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Painkiller Works Better When Patient Expects it Will

Patients who don't believe their painkiller works can actually limit the drug's effectiveness.
Patients who don't believe their painkiller works can actually limit the drug's effectiveness.

'Placebo effect' increases drug effectiveness

Patients who don't think their medicine will help can actually limit the effectiveness of the drug.

That's according to a new study, which sheds some interesting new light on the placebo effect and may guide doctors to help patients get better results from the same medicine.

The patient's mind is one of the most important assets in medicine. Tell a person with a headache that the little green pill is an amazing new painkiller, and the patient may feel better almost as soon as she swallows the pill - even when the amazing painkiller is actually just a sugar pill.

Now, a new study takes that so-called placebo effect one step further. European researchers used a laboratory heat device to induce pain in the legs of student volunteers. Then the scientists gave them a powerful painkiller, without telling them. Researcher Irene Tracey of the University of Oxford says the students reported a slight reduction in pain.

"And then the interesting part of the experiment begins," she explains. "And that's when we then tell them, we're going to start the infusion now of the drug - of course they're already on the drug - but just the words, telling them that now the drug is coming, and the sort of kicking in of positive expectation, we get another two points pain relief on the 10-point scale, just because of the sort of positive expectation - oh great, I'm going to get this analgesic now."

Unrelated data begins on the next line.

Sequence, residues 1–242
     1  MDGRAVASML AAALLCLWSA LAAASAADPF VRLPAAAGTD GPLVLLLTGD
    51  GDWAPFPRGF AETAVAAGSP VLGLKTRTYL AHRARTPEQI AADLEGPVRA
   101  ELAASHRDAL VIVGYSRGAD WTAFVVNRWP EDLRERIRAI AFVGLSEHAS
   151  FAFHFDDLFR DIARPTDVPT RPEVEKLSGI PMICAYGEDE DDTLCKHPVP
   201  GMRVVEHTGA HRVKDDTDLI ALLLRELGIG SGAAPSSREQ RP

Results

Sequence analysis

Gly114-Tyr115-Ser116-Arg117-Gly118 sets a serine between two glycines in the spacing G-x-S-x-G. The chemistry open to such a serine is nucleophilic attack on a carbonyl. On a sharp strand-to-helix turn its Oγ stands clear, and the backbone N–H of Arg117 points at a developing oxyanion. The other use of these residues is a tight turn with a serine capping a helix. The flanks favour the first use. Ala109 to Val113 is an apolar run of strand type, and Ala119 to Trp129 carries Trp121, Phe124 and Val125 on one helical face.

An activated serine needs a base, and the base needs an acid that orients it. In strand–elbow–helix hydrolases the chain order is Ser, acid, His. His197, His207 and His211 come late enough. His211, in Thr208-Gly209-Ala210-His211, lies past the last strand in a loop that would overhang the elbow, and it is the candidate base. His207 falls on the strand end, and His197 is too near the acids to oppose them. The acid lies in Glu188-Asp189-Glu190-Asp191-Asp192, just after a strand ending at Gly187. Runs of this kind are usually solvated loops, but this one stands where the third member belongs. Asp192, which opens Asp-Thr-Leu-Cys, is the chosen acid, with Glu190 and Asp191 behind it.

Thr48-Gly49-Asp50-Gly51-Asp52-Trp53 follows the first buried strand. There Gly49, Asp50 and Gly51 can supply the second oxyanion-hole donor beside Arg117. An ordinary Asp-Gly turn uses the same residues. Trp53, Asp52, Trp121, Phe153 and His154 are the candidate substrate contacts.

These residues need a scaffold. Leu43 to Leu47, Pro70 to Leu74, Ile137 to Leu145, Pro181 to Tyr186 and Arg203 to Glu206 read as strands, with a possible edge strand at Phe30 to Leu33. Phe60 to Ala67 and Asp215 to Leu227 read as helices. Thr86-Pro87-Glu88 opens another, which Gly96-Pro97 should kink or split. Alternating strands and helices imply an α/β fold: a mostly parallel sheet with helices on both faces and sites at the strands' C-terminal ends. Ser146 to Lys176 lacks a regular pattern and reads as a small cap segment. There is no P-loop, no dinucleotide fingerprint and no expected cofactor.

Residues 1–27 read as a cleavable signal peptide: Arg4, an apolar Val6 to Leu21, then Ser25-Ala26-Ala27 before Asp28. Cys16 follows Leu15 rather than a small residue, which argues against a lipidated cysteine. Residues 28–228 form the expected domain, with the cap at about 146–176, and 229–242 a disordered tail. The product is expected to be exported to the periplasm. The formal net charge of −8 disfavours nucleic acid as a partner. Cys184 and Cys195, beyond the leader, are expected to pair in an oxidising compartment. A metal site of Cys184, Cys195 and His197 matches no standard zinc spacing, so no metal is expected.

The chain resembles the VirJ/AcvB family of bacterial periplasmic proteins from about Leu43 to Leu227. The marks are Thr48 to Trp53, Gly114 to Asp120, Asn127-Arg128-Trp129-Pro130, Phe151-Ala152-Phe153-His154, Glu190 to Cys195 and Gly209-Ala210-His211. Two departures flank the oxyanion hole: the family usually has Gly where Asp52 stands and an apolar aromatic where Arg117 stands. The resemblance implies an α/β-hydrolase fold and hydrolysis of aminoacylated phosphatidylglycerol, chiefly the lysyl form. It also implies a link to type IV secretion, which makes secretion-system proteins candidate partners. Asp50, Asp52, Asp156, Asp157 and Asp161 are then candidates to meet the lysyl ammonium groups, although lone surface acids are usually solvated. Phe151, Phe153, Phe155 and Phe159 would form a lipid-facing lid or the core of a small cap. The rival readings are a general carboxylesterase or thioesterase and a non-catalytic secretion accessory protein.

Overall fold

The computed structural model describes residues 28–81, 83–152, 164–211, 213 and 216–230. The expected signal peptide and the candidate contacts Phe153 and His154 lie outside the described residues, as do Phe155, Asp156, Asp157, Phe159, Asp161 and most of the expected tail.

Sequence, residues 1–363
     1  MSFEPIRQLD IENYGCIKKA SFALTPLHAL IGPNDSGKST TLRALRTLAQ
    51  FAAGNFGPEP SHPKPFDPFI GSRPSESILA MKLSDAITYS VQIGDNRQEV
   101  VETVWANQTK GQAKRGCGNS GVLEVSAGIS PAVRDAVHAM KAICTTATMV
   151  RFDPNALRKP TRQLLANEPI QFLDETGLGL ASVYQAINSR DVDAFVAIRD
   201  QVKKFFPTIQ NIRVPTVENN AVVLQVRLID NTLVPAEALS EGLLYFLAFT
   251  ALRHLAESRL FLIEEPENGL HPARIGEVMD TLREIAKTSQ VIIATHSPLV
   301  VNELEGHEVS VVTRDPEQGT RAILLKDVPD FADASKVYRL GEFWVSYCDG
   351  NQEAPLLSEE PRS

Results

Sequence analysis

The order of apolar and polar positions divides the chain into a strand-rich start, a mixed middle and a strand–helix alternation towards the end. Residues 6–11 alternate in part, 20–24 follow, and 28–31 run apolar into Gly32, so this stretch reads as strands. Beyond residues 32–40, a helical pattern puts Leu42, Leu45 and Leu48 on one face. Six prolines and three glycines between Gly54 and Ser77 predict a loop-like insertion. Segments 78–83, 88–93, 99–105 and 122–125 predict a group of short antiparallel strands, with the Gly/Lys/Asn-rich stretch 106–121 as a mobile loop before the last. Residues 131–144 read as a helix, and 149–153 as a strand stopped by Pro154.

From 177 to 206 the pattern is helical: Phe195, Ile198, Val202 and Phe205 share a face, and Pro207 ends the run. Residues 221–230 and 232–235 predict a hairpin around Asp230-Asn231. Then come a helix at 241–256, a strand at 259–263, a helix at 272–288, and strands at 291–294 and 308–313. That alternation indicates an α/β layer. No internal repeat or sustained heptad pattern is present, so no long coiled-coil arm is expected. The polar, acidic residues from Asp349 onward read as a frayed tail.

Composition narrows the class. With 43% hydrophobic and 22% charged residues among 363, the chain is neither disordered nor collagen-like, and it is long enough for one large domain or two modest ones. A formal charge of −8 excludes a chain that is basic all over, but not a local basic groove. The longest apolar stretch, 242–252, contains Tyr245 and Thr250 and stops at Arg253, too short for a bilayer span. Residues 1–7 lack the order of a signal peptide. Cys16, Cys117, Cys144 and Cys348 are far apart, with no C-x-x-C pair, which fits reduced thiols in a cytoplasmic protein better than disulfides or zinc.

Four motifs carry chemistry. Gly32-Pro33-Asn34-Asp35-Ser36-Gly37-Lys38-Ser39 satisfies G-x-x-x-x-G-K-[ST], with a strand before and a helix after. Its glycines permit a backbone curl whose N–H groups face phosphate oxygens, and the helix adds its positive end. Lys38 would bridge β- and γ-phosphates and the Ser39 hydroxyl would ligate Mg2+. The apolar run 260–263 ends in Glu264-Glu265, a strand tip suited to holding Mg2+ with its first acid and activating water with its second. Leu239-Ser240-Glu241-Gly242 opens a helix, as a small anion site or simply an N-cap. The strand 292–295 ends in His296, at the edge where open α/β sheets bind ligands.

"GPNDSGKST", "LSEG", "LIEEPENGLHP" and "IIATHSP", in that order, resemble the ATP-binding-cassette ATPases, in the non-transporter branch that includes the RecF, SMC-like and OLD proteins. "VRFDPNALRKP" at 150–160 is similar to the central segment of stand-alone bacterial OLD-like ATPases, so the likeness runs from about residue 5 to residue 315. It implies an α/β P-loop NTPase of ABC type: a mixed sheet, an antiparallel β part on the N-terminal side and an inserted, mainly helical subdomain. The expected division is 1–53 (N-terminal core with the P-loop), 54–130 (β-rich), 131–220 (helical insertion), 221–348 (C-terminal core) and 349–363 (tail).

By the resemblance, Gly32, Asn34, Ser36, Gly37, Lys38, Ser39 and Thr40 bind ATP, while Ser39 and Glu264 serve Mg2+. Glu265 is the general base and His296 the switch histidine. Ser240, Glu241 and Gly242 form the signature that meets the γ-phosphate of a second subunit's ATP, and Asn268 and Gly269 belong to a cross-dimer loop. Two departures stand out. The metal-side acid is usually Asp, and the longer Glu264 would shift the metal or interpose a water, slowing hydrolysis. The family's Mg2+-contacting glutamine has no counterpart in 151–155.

Then, the researchers reversed the process, continuing the pain medicine, but telling the volunteer subjects that the pain medicine was stopping. And sure enough, they reported an increase in pain.

While all this was going on, the researchers were using a functional MRI scanner to monitor brain activity.

"And we're seeing that that brain activity is tracking that pain report. So it's coming down when they're getting the extra pain relief, and it's going all the way back up again when they have this negative expectation. So we've got the brain imaging to back up the subjective report."

In a commentary published alongside Irene Tracey's research paper, Randy Gollub of Harvard Medical School says that harnessing the patient's expectations can be used to enhance the patient's well-being.

Tracey put it this way: "Managing a patient's expectations - certainly minimizing the negative expectations - is very important if you want to get the maximum amount of efficacy, if you like, for your treatment."

But Tracey points out that doctors may have to take more time to counsel their patients - something that's always difficult to manage in today's often high-stress, fast-paced medical practice.

Irene Tracey's paper on how the placebo effect applies to actual active medication is published in the journal Science Translational Medicine.